One commonly finds this interaction Lagrangian in phenomenology (ignoring constants):

$$\mathscr{L} \propto \bar\psi \gamma^5\gamma^\mu \vec\tau\psi \cdot \partial_\mu \vec\pi \tag{1}$$

Evaluating the scalar product yields

$$\vec\tau \cdot \vec \pi = \begin{pmatrix}\pi_3 & \pi_1 -i \pi_2\\ \pi_1 + i \pi_2 & -\pi_3 \end{pmatrix} = \begin{pmatrix}\pi_0 & \sqrt{2}\pi^+ \\ \sqrt{2}\pi^- & -\pi_0 \end{pmatrix} \tag{2}$$

Here we've used the eigenstates of $I_z$, the generator for rotations around the z-axis, i.e. $\pi^\pm = \frac{1}{\sqrt 2}(\pi_1 \mp i \pi_2)$, $\pi_0 = \pi_3$

This introduces a factor of $\sqrt{2}$ at the vertices with charged pions and a factor of $-1$ for the neutron-neutron interaction. I am curious where these factors come from, because I can not reproduce it with Clebsch-Gordon coefficients.

Naive Attempt

Supposing I want to write down an interaction for a $0^-$ scalar particle with a derivative coupling, I could do it as such

$$\mathscr{L} \propto \bar\psi \gamma^5\gamma^\mu \psi \partial_\mu \phi$$

Now without knowing about the first Lagrangian, how would I introduce isospin? For $\phi = \pi$ and a nucleon, I can think of the following interactions:

$$ \begin{align} \pi^0 p &\rightarrow p \tag{4a}\\ \pi^- p &\rightarrow n \tag{5a}\\ \pi^0 n &\rightarrow n \tag{6a}\\ \pi^+ n &\rightarrow p \tag{7a} \end{align} $$

So naively I could write down for Lagrangians

$$ \begin{align} \mathscr{L} &\propto \bar\psi_p \gamma^5\gamma^\mu \psi_p \partial_\mu \pi^0\tag{4b}\\ \mathscr{L} &\propto \bar\psi_n \gamma^5\gamma^\mu \psi_p \partial_\mu \pi^-\tag{5b}\\ \mathscr{L} &\propto \bar\psi_n \gamma^5\gamma^\mu \psi_n \partial_\mu \pi^0\tag{6b}\\ \mathscr{L} &\propto \bar\psi_p \gamma^5\gamma^\mu \psi_n \partial_\mu \pi^+\tag{7b} \end{align} $$

but now the isospin factors are missing. How can I derive them? Just "guessing" $\tau_a \pi_a$ seems a bit contrived.

My attempt

Writing this down in braket notation, I would find the interaction $\pi^-p\rightarrow n$ to be something like

$$ \begin{align} \langle f| O |i \rangle &= \left\langle \tfrac{1}{2}, -\tfrac{1}{2}\right| O \left|1, -1; \tfrac{1}{2}, \tfrac{1}{2}\right\rangle \tag{8}\\ &= \sum \limits_{M=-\tfrac{1}{2}}^{\tfrac{1}{2}} \left\langle \tfrac{1}{2}, -\tfrac{1}{2}\right| O \left|\tfrac{1}{2},M\right\rangle\underbrace{\left\langle\tfrac{1}{2},M\,\right|\left.1, -1; \tfrac{1}{2}, \tfrac{1}{2}\right\rangle}_{=C^*}\tag{9}\\ &= -\sqrt{\tfrac{2}{3}}\left\langle \tfrac{1}{2}, -\tfrac{1}{2}\right| O \left|\tfrac{1}{2}, -\tfrac{1}{2}\right\rangle\tag{10} \end{align} $$

Here in $(9)$ we have added a 1 as a sum over the compound state, which gives us the clebsch-gordan coefficient $-\sqrt{\tfrac{2}{3}}$.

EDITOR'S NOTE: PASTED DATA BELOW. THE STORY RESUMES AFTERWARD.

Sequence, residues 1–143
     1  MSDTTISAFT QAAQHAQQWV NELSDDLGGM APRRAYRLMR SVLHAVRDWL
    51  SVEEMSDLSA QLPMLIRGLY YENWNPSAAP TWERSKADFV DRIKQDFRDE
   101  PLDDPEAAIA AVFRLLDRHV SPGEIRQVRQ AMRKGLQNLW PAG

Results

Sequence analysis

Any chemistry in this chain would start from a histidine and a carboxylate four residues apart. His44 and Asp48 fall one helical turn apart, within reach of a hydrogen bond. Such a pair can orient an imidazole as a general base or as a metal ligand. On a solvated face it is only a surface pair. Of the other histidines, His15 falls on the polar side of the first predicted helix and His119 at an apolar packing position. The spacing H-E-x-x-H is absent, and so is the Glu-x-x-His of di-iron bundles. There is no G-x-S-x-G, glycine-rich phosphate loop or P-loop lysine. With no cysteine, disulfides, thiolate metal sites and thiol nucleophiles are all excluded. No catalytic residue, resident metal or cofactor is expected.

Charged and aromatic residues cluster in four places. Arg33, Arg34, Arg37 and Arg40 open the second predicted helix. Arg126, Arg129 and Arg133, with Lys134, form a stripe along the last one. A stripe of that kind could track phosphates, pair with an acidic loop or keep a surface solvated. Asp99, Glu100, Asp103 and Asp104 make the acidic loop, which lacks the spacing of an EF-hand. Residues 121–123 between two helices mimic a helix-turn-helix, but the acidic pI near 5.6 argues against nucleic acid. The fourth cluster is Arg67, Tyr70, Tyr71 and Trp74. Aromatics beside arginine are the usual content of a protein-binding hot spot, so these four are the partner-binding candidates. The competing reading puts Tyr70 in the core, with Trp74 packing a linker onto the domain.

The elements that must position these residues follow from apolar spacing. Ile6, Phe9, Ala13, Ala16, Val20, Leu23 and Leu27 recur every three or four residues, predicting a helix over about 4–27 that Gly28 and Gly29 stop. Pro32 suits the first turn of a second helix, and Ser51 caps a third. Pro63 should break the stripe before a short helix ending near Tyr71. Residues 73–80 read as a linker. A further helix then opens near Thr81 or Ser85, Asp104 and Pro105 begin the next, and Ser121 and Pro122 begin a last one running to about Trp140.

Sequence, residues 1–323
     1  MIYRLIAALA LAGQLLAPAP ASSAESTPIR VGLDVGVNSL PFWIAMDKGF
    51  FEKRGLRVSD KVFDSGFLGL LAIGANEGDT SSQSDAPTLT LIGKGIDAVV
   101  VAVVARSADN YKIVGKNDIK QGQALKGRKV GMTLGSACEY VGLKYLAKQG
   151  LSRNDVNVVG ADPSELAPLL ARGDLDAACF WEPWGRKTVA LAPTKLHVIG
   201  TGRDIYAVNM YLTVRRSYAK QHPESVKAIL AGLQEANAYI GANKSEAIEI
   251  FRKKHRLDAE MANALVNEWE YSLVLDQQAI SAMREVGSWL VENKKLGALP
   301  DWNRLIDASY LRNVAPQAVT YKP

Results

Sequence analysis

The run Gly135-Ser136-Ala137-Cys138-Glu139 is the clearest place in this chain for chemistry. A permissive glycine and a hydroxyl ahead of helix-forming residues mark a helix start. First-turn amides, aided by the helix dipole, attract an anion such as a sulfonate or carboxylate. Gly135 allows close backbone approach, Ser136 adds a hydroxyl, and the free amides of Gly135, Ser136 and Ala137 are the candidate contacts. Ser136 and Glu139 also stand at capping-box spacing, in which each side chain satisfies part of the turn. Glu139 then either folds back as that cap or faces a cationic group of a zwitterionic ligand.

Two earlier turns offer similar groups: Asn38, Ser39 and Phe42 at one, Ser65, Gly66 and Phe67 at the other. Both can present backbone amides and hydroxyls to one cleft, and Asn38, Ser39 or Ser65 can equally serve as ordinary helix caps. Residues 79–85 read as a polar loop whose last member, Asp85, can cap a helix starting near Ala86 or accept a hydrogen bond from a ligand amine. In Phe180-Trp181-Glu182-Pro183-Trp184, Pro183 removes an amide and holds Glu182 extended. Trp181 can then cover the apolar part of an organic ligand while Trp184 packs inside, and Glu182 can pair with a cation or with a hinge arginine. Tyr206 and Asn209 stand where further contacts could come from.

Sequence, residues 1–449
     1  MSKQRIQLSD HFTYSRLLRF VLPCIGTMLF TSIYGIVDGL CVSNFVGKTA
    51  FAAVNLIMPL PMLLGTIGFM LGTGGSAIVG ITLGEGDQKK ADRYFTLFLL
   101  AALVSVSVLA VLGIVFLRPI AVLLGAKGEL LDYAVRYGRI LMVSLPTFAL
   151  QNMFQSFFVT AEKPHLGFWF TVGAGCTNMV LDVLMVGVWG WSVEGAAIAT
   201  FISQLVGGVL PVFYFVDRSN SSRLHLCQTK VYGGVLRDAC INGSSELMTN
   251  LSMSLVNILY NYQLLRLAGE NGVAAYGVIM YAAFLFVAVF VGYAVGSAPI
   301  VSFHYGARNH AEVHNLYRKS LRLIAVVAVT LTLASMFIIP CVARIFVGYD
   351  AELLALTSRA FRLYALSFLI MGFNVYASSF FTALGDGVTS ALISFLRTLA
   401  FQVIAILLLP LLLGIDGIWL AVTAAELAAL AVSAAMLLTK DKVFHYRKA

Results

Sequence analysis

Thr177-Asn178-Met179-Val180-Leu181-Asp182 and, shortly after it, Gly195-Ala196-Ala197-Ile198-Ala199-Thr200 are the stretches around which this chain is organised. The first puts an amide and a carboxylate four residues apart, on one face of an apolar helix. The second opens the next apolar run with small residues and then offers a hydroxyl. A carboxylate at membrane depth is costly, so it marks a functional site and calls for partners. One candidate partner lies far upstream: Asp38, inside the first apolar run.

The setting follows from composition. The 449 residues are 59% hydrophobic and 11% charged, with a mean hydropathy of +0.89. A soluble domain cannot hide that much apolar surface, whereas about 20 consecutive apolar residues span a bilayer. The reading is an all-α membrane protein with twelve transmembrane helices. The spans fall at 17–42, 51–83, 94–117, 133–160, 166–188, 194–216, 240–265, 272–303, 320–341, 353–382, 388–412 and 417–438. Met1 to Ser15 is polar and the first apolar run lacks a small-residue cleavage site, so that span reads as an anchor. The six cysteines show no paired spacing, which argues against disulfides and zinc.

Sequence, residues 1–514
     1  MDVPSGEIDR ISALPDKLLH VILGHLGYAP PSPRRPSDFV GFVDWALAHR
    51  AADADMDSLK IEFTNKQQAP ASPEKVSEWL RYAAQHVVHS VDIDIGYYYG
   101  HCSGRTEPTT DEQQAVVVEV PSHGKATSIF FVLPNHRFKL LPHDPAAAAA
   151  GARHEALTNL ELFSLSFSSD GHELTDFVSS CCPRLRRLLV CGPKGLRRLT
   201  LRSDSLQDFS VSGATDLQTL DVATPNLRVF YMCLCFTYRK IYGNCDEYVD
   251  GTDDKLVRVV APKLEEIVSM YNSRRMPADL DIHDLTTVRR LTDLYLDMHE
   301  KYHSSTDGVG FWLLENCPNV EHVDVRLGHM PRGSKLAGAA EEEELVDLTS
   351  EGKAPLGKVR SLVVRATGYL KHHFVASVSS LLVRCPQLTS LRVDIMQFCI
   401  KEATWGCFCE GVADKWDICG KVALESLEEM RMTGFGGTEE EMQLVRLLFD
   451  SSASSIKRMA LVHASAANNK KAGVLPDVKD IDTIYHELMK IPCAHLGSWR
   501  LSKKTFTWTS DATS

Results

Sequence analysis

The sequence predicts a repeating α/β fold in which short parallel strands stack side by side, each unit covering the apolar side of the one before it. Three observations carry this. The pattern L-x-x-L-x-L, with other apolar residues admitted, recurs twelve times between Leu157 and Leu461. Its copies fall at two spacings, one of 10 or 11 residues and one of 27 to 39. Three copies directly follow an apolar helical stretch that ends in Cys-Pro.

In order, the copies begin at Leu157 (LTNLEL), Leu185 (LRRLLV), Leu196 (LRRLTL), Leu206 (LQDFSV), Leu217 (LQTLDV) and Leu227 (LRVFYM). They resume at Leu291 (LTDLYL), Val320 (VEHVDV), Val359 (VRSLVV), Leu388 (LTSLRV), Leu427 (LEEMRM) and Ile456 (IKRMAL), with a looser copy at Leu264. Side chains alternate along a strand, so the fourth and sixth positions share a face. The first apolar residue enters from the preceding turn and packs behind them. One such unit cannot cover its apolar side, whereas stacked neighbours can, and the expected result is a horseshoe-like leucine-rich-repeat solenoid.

But I do not really know how to continue.

  • $\begingroup$ pion charge in (7b) is off. $\endgroup$ Commented May 6, 2022 at 22:10

1 Answer 1


You are looking down on the 2nd column of the Clebsch matrix, up to an over-all common normalization of $-1/\sqrt 3$, ignored here.

Rewrite (1),(2) as the sum of (4b,5b,6b,7b), $$ \bar\psi \gamma^5\gamma^\mu \vec\tau\psi \cdot \partial_\mu \vec\pi \\ = \bar\psi_p \gamma^5\gamma^\mu \psi_p \partial_\mu \pi^0 + \sqrt{2} \bar\psi_n \gamma^5\gamma^\mu \psi_p \partial_\mu \pi^- - \bar\psi_n \gamma^5\gamma^\mu \psi_n \partial_\mu \pi^0 + \sqrt{2} \bar\psi_p \gamma^5\gamma^\mu \psi_n \partial_\mu \pi^+ , $$ And you are trying to connect the relative coefficients with this second column of the Clebsch matrix, namely the projection onto isospin 1/2 of the $1\otimes 1/2$, nucleon-pion state; the respective coefficients of the terms in this order being $$ \langle \tfrac{1}{2}, \tfrac{1}{2} | 1, 0 \tfrac{1}{2}, \tfrac{1}{2} \rangle = -1/\sqrt{3}; \\ \langle \tfrac{1}{2}, -\tfrac{1}{2} | 1, -1; \tfrac{1}{2}, \tfrac{1}{2} \rangle =-\sqrt{2/3}; \\ \langle \tfrac{1}{2}, -\tfrac{1}{2} | 1, 0; \tfrac{1}{2}, -\tfrac{1}{2} \rangle =1/\sqrt{3} ; \\ \langle \tfrac{1}{2}, \tfrac{1}{2} | 1, 1; \tfrac{1}{2}, -\tfrac{1}{2} \rangle = -\sqrt{2/3}. $$ The last Clebsch may need rephasing, but you see that the relative coefficients comport with the top expression you see in books. This is where the relative strengths and phases of (4a,5a,6a,7a) come from.

  • $\begingroup$ Thanks! I discovered this myself last night, but I agree, that the last Clebsch-Gordan is actually positive. Can we actually rephase the CGC or would we need to rephase the positively charged pion field? $\endgroup$ Commented May 7, 2022 at 6:59
  • $\begingroup$ Not sure… I’d leave the pion alone and play with CGC conventions… one hasn’t used the isospin 3/2 sector which is bound by the Condon-Shortley convention; perhaps there is play room there, if one departed from that convention...? $\endgroup$ Commented May 7, 2022 at 14:25
  • $\begingroup$ I'm not sure that would work. I know for a fact, that the sign difference between the two neutral pions is needed so that the born terms in photo production ($\gamma N \rightarrow \pi N$) is gauge invariant. This essentially makes the s and u channel have the same sign, which are both partly cancelled by the t-channel. (an additional contact term is needed to cancel the rest of the t-channel). Presumably, this does not play a role for the charged pions and one can ignore the phase factor, because it does not appear in coherent sums. $\endgroup$ Commented May 7, 2022 at 14:32
  • $\begingroup$ Thinking about this further, I think this problem lies in the definition of the pions. There are of course infinitely many eigenstates to $I_3$. As such, writing $\vec\tau \cdot \vec\pi$ only works for appropriately chosen eigenstates. Otherwise, this shorthand notation does not produce the correct clebsch gordan coefficients. $\endgroup$ Commented May 8, 2022 at 10:59

Your Answer

By clicking “Post Your Answer”, you agree to our terms of service and acknowledge you have read our privacy policy.

Not the answer you're looking for? Browse other questions tagged or ask your own question.